Seed Costs and Benefits of Sorghum in a Crop Rotation
Written by Dr. Brent Bean
Low Seed Costs & Benefits of Sorghum in a Crop Rotation
Input costs are certainly on the minds of everyone going into the 2022 crop year. One of the advantages of grain sorghum over many other crops is the cost of seed. Depending on the seeding rate used, the hybrid and seed treatments applied, the cost of sorghum seed generally ranges from $5 to $18 an acre for most growers. When coupled with expected favorable grain prices, this can go a long way in reducing risk when costs of pesticides and fertilizer are high.
One of the potential input costs associated with grain sorghum is the control of sugarcane aphids. However, in recent years sugarcane aphids have only been a relatively minor problem in a few regions of the country. When sugarcane aphid infestations are high enough to warrant an insecticide application, control can be achieved with any of three insecticides – Sivanto Prime, Transform or Sefina. All seed companies now have several sugarcane aphid tolerant hybrids that greatly reduce the odds of aphids reaching an economic threshold level requiring insecticide application.
Yield Advantages When Grown in Rotation
Grain sorghum can produce yield advantages for soybeans, cotton and even corn when used in rotation.
In rotation with cotton, sorghum breaks up soil disease cycles such as verticillium wilt, and the crop residue increases soil moisture storage and protects emerging cotton from wind damage. In a 2017 trial conducted by researchers at Texas A&M University, cotton following sorghum produced a 26 percent higher yield than continuous cotton.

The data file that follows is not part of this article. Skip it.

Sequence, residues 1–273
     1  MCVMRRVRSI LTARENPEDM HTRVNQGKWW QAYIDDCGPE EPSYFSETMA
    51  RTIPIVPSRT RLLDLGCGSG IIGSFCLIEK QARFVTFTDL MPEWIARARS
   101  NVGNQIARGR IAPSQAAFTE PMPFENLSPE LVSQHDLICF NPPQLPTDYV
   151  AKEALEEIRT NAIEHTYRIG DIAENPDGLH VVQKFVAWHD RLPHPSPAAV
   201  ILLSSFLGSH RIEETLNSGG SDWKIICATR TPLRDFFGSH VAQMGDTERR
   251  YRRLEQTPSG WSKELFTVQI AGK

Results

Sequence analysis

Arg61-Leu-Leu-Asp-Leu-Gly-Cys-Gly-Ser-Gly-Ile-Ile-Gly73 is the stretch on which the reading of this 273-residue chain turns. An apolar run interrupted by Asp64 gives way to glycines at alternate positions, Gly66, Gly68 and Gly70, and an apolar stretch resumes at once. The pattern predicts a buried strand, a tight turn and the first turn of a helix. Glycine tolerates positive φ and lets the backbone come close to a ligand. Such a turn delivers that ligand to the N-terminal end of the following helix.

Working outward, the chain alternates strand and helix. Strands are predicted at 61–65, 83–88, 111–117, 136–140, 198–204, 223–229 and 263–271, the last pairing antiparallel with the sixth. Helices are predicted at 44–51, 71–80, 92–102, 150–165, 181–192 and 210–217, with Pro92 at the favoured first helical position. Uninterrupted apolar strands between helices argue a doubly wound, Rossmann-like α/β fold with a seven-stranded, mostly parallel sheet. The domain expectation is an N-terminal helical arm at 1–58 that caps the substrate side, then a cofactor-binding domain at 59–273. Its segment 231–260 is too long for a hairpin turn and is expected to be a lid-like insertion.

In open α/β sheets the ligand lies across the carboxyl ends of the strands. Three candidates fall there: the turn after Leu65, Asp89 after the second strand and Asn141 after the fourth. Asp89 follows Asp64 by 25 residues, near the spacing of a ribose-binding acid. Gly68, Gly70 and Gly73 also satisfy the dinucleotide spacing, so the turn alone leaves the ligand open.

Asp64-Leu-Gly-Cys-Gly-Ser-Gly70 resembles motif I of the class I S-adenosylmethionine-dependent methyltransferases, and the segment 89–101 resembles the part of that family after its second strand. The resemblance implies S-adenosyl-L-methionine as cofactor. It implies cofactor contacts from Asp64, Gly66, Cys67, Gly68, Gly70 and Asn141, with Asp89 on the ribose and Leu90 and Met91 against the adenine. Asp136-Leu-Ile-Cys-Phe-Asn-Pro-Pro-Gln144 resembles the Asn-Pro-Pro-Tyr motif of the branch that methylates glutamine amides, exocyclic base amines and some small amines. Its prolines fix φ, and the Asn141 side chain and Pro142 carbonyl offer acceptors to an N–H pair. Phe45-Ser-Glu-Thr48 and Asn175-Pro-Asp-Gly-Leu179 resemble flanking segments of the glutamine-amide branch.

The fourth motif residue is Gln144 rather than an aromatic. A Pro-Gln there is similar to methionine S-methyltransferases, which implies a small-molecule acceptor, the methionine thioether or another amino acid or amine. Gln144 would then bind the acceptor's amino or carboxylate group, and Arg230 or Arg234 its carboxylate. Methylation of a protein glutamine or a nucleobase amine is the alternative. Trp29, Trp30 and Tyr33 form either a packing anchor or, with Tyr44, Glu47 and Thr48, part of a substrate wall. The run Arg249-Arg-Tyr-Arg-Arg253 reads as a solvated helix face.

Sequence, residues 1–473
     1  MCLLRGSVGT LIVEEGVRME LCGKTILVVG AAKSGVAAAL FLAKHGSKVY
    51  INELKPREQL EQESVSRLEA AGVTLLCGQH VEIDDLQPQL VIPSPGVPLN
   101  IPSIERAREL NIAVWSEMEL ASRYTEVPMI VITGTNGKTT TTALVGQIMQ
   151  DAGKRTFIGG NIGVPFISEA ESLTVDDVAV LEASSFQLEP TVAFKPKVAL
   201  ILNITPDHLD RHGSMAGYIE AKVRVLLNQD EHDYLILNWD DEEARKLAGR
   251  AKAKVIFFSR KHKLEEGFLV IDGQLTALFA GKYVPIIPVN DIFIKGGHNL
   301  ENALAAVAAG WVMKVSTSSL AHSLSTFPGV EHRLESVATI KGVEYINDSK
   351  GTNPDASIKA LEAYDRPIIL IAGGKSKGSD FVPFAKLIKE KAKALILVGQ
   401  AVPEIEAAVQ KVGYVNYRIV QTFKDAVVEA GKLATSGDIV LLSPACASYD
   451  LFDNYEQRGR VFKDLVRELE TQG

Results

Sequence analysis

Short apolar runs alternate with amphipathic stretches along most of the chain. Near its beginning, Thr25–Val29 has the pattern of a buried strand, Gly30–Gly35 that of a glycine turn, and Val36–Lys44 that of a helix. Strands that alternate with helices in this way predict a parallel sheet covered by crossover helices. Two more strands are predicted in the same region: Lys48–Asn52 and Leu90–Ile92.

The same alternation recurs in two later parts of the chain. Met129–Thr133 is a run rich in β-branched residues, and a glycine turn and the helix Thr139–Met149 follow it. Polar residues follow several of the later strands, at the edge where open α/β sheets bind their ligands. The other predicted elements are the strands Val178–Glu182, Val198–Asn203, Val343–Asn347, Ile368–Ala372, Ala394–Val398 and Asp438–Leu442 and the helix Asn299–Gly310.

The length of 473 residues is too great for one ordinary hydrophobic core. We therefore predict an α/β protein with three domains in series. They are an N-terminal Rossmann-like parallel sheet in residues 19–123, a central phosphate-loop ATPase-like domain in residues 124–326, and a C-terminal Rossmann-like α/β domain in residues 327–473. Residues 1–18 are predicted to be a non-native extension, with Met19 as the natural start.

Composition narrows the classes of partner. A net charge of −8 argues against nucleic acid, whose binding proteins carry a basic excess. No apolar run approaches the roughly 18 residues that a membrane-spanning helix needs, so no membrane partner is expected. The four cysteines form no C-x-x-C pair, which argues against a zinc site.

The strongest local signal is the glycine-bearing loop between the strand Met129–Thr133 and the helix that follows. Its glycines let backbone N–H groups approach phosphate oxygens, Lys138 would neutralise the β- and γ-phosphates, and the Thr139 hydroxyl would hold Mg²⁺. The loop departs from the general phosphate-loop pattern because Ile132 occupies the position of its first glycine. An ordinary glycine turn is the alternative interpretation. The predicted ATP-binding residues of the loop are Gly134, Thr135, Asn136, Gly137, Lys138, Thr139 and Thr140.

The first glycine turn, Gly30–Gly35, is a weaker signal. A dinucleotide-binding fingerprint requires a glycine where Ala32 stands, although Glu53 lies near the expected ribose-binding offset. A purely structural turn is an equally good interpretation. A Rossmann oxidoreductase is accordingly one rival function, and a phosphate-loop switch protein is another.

In a multiyear trial conducted near Mead, Nebraska soybean yield increased 16.6 percent when following sorghum compared to continuous soybeans. Higher soybean yield following sorghum has been attributed to one or more of the following: increased soil fertility, improved soil physical properties, better weed control, and reduced diseases, nematodes and insect pests.
A surprise to most growers, grain sorghum also appears to benefit corn yield when following sorghum. A five-year trial from Kansas State University demonstrated an 8.4 percent increase in corn yield following sorghum compared to continuous corn.
Always consider the herbicides used in the previous crop before planting grain sorghum. Most herbicide used in corn will not be an issue in rotating to sorghum. However, especially in cotton and soybeans, there are several herbicides with long soil residual that could impact grain sorghum planted the following year.